Skip to main content
Year
1975
Month Day
October 11

"Saturday Night Live" debuts

On October 11, 1975, Saturday Night Live (SNL), a topical comedy sketch show featuring Chevy Chase, John Belushi, Dan Aykroyd, Gilda Radner, Garrett Morris, Jane Curtin and Laraine Newman, makes its debut on NBC. The 90-minute program, which from its inception has been broadcast live from Studio 8H at Rockefeller Center, includes a different guest host and musical act each week. The opening sketch of each show ends with one actor saying, “Live from New York, it’s Saturday Night!”

Created by the Canadian-born comedy writer Lorne Michaels, SNL has introduced a long list of memorable characters and catchphrases—from Gilda Radner’s Roseanne Roseannada, to the Coneheads, to Billy Crystal’s Fernando (“You look mahvelous”), to Dana Carvey’s Church Lady (“Isn’t that special?”), to bodybuilders Hans and Franz (“We’re going to pump you up”), to Coffee Talk host Linda Richman (“like buttah” and “I’m all verklempt”)—that have become part of pop-culture history. The show, whose cast has changed continually over the years, has also launched the careers of such performers as Bill Murray, Eddie Murphy, Chris Rock, Mike Myers, Adam Sandler, Chris Farley, David Spade, Jon Lovitz, Julia Louis-Dreyfus, Tina Fey, Amy Pohler and Kristen Wiig. Some SNL sketches have even been turned into feature films, the two most successful examples being 1980’s The Blues Brothers and 1992’s Wayne’s World.

The show was originally known as NBC’s Saturday Night because there was another show on ABC called Saturday Night Live with Howard Cosell. However, NBC eventually purchased the naming rights, and since 1977 the edgy comedy program has been called Saturday Night Live. Lorne Michaels served as the show’s producer from 1975 to 1980, followed by Jean Doumanian from 1980 to 1981. Dick Ebersol helmed the show from 1981 to 1985. Michaels returned to the program that year, and has remained executive producer ever since.

The influential comedian George Carlin hosted the debut episode of SNL. Later that year, Candace Bergen became the first woman to assume SNL hosting duties. She went on to host the program four more times. In 1982, seven-year-old Drew Barrymore hosted the show, becoming the youngest person ever to do so.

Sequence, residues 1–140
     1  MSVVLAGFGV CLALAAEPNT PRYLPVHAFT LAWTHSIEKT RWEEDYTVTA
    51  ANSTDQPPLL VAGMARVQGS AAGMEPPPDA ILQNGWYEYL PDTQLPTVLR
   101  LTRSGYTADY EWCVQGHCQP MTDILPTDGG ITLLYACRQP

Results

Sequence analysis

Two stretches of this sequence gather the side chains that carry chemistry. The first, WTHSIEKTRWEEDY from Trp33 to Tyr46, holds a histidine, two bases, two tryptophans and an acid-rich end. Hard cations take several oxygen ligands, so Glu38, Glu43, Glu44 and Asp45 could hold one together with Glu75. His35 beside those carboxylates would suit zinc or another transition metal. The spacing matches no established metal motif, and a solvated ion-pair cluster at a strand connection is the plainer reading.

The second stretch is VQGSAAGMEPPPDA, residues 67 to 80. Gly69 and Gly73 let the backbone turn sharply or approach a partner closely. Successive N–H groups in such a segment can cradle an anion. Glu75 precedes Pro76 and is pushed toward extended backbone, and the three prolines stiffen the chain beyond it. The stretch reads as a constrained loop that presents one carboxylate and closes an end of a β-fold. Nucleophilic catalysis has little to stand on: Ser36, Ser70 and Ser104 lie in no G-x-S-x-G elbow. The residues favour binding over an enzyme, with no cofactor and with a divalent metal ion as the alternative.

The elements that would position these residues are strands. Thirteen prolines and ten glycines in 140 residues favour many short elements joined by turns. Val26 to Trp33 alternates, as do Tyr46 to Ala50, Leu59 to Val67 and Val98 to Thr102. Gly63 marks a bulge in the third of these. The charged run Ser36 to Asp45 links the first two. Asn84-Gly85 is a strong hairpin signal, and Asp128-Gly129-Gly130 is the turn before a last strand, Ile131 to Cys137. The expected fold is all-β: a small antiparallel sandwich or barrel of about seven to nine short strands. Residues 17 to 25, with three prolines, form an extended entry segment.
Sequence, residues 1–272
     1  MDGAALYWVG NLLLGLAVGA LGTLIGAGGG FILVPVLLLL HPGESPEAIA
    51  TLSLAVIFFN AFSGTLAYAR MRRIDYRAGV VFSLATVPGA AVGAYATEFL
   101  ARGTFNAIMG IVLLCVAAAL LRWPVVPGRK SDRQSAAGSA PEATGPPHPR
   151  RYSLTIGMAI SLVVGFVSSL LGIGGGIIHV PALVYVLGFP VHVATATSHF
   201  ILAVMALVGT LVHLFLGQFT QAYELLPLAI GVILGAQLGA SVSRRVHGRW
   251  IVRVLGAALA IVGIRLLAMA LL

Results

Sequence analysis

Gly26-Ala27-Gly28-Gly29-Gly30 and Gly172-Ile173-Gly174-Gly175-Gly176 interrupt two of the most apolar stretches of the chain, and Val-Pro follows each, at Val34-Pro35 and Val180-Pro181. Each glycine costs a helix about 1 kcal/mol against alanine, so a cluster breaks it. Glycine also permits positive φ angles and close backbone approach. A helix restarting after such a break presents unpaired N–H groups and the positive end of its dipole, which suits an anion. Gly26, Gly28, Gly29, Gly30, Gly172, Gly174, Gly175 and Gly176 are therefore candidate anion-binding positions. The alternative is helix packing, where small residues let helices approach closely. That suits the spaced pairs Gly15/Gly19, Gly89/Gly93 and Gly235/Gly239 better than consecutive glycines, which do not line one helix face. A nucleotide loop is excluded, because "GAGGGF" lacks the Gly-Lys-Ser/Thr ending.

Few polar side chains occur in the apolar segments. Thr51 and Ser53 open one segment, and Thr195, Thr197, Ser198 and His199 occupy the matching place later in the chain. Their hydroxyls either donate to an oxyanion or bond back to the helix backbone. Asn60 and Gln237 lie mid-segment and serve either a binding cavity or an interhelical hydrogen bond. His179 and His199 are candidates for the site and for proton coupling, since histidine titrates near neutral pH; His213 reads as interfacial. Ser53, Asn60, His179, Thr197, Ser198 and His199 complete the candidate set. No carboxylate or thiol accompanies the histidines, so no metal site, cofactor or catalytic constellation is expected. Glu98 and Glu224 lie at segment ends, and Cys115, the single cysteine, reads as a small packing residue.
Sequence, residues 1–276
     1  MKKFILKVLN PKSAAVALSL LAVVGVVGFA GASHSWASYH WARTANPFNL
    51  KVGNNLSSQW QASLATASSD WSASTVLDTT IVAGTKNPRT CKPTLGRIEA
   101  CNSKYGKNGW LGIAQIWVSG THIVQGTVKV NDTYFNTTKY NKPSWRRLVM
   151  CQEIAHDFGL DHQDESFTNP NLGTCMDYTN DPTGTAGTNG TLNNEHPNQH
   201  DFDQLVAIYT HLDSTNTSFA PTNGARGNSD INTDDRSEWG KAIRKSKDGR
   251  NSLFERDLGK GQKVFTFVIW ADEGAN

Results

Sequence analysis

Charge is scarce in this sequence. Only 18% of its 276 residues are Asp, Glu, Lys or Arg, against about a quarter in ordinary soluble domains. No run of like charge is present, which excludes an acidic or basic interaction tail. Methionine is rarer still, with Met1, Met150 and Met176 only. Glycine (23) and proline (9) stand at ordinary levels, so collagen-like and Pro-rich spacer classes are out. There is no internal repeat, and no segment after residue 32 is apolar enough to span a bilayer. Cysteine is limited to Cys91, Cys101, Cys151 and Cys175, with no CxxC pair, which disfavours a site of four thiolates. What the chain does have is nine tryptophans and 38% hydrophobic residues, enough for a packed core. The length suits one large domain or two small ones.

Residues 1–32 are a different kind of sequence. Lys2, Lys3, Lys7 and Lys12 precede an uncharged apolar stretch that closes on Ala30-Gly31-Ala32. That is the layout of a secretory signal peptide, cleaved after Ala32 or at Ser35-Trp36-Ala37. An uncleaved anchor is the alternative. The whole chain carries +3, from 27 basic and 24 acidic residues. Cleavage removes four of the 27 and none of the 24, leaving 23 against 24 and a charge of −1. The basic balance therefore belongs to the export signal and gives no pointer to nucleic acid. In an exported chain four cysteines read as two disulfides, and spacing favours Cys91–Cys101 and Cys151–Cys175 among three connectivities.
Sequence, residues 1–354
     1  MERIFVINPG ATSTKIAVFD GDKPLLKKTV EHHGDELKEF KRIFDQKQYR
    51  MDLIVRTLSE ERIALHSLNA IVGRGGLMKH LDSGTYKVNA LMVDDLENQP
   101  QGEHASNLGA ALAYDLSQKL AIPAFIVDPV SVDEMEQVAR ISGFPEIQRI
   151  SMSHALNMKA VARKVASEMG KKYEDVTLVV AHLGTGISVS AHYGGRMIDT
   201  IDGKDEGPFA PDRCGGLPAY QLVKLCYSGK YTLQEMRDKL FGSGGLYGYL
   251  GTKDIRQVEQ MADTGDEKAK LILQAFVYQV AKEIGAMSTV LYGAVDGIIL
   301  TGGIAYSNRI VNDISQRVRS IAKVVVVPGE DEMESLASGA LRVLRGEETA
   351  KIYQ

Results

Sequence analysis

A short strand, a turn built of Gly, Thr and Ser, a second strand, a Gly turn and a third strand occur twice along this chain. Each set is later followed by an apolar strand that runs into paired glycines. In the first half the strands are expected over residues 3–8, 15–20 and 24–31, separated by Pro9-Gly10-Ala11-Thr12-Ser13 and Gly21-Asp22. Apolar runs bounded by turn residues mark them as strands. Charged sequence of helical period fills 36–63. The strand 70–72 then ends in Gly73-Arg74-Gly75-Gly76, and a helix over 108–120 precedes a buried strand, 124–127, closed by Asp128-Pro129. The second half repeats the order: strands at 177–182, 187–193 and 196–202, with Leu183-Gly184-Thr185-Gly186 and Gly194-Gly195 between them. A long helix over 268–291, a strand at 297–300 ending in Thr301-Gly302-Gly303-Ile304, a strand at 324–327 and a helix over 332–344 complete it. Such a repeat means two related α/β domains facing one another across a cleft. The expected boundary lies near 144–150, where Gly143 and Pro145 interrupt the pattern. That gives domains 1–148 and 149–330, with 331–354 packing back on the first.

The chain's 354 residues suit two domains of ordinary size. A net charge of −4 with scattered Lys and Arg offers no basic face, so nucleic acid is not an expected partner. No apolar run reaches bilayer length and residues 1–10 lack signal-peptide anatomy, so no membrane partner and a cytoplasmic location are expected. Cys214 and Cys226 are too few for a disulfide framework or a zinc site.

SNL is known for its topical parodies and impersonations, and for pushing boundaries with its sketches. The show is also recognized for its political humor. Chevy Chase famously portrayed President Gerald Ford as a klutz, while Dana Carvey spoofed President George H.W. Bush and his “read my lips” line. Amy Poehler played Senator Hillary Clinton in numerous skits (including one with the senator herself); later Kate McKinnon played her as a presidential candidate. Tina Fey memorably portrayed the 2008 Republican vice-presidential nominee Sarah Palin. Alec Baldwin played President Trump and several cast members have played President Biden

FACT CHECK: We strive for accuracy and fairness. But if you see something that doesn't look right, click here to contact us! HISTORY reviews and updates its content regularly to ensure it is complete and accurate.

ALSO ON THIS DAY

John Lennon’s “Imagine" is released

October 11, 1971 sees the release of John Lennon’s “Imagine,” one of the most influential songs of the 20 century. Lennon began writing the song while still a member of the Beatles, at a time when the band had achieved unprecedented popularity but struggled to cope with their new ...read more

Bruce Springsteen scores his first pop hit with “Born to Run”

By 1975, 26-year-old Bruce Springsteen had two heavily promoted major-label albums behind him, but nothing approaching a popular hit. Tapped by Columbia Records as the Next Big Thing back in 1973, he’d been marketed first as the “New Dylan” and then as America’s new “Street ...read more